Chapter 8 begins with another vision. Ezekiel sees the appearance of a man (the Hebrew says “the appearance of fire”) (8:2). The fire, brightness, and gleaming metal tell us that this is something similar to what Ezekiel saw in chapter 1. This man takes Ezekiel by his hair and transports him to Jerusalem (v. 3). He finds himself in the entrance to the Temple and sees “the seat of the image of jealousy” (see Deut 32:16). While we aren’t given specifics, Ezekiel is describing literal idol worship inside the Temple of God. But the glory of God is also there (v. 4). God points to the image as being right in front of the altar of burnt offering (v. 5). God says Judah is worshiping idols to drive Him far from His sanctuary (v. 6). This is the threat of God removing His presence, which He is about to do.
In verses 7-8, God shows Ezekiel a hole leading into the Temple and tells him to dig through it. When he does, Ezekiel sees that the Temple is riddled with idols (v. 10)! The seventy men of the elders (v. 11) point us to the elders that God appointed to lead along with Moses (see Ex 24:1 and Num 11:24) – it is a representation of all the leaders of Israel. They are all idolaters (v. 12). Even the house of Shaphan (see 2 Chr 34:8, Jer 26:24) Then God shows Ezekiel the women of Israel, and they are worshiping Tammuz, a Sumerian fertility god (v. 14).
And it keeps getting worse. In the inner court the priests (the 25 men) have literally turned their backs on YHWH and are worshiping the sun (v. 16). All of Judah is provoking God to anger (v. 17). The “branch to their nose” is a ritual where the worshipers of Tammuz held cedar branches in front of their face as a sign of entreating the god. In verse 18, God tells Ezekiel that all the idolaters will be judged without pity.
In chapter 9, we see the judgment. Six men come from the north (9:2). This is again cosmic north, and these “men” are angels sent to execute the wicked. Along with them is a seventh “man” with with a writing case. The number seven symbolizes completeness, in this case, complete judgment. Then the glory of God leaves the Holy of Holies from between the Cherubim and goes to the doorway of the Temple. The writing angel is then told to mark the foreheads of those who are opposed to all the idolatry (v. 4 – see Rev 7:3). The angels of judgment are instructed to kill everyone without the mark (vv. 5-7). The vision brings Ezekiel to his knees and he cries out to God for mercy (v. 8). But God must judge the wicked (vv. 9-10).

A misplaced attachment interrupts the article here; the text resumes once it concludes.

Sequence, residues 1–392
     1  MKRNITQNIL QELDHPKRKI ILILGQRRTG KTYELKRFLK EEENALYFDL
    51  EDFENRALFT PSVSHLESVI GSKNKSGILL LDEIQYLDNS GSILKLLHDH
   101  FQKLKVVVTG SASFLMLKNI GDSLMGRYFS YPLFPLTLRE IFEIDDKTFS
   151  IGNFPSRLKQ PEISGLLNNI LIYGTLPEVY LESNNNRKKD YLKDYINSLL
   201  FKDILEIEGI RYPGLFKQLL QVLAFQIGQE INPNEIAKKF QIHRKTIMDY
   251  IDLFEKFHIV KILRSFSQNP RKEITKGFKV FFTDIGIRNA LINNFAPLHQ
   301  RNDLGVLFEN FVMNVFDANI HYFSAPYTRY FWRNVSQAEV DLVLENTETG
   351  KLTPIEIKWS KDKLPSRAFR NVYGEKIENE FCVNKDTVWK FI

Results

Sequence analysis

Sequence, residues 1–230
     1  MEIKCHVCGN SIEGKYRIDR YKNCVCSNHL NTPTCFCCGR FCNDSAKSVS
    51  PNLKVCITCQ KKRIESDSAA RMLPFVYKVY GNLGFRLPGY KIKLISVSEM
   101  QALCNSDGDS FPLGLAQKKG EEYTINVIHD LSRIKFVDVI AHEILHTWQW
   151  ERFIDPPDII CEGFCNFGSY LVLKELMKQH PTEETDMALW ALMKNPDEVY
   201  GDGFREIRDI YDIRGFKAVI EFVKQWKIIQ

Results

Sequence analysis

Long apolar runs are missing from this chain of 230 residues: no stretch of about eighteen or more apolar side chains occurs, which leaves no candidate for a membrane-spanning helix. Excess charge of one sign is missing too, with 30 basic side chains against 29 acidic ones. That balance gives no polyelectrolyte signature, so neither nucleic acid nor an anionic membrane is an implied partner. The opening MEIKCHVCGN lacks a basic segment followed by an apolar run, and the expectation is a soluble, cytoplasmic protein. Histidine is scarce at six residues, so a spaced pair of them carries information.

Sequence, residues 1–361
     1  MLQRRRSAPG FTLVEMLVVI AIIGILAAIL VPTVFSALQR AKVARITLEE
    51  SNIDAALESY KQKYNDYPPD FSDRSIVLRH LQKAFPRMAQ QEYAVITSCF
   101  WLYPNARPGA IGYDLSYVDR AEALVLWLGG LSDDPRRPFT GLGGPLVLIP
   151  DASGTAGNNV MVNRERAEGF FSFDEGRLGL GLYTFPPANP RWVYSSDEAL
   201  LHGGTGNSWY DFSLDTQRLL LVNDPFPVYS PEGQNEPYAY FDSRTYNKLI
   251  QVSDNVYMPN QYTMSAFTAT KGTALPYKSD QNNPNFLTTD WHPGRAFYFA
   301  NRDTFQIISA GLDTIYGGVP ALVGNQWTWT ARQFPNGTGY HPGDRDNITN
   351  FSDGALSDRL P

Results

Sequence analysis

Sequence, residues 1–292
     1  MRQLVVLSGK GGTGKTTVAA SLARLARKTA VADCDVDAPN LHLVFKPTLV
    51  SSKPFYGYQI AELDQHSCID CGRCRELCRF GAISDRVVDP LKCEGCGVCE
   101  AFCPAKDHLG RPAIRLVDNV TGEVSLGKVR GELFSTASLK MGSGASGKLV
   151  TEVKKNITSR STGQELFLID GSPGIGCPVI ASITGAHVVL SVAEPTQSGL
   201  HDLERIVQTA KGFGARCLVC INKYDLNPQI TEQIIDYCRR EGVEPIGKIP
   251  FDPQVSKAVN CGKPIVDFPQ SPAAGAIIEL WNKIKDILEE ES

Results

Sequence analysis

The angel commanded to mark the righteous returns, having completed his mission (v. 11). Then Ezekiel sees over the Cherubim in the Holy of Holies “something like a sapphire in appearance like a throne” (10:1 – see Rev 4:2-3). The writing angel goes into the Holy of Holies to take hot coals from within the wheels (v. 2). The glory of YHWH then fills the Temple (v. 4 – see 1 Kings 8:10-11). Ezekiel then describes the appearance of the glory of YHWH in terms similar to chapter 1 (vv. 8-17). The glory then returns over the cherubim (v. 18), and the cherubim take flight and stand at the entrance to the Temple (v. 19). God is leaving Judah.
In chapter 11, Ezekiel is brought outside the entrance of the Temple where he sees the 25 men (11:1 – see 8:16). He is commanded to prophesy to them (v. 4). God will judge them by the sword (v. 8, 10) and with captivity (v. 9), because they have acted like the wicked nations around them in worshiping false gods (v. 12). Then one of the 25 men die (v. 13), signaling that judgment has begun. Ezekiel again prays to God for mercy, that He not destroy the full remnant.
So God give Ezekiel hope. Even though the people have forgotten YHWH and thought they were above punishment (v. 15), and even though God has removed them from the land as punishment (v. 16), to some, He has remained a sanctuary (the “for a while” says literally “in a small measure”). Those who still seek refuge in God will be restored (v. 17). They will not be idolaters (v. 18) and they will be given a new heart and new spirit by God (v. 19 – see Jer 31:33) so that they may be obedient to Him (v. 20). They will be His people (the spiritual people) and He will be their God. But the wicked will be judged (v. 21).
After these words, the Cherubim fly out of the Temple, out of Jerusalem, and onto the mountain on the east side of the city (the Mount of Olives – vv. 22-23 – see Zech 14:4 where this points to the final judgment). God has left Judah. The idolatry of the people has driven Him away (see 8:6). Then, Ezekiel is brought back to Babylon, and the vision ends (v. 24). Ezekiel then tells the exiles what he saw (v. 25).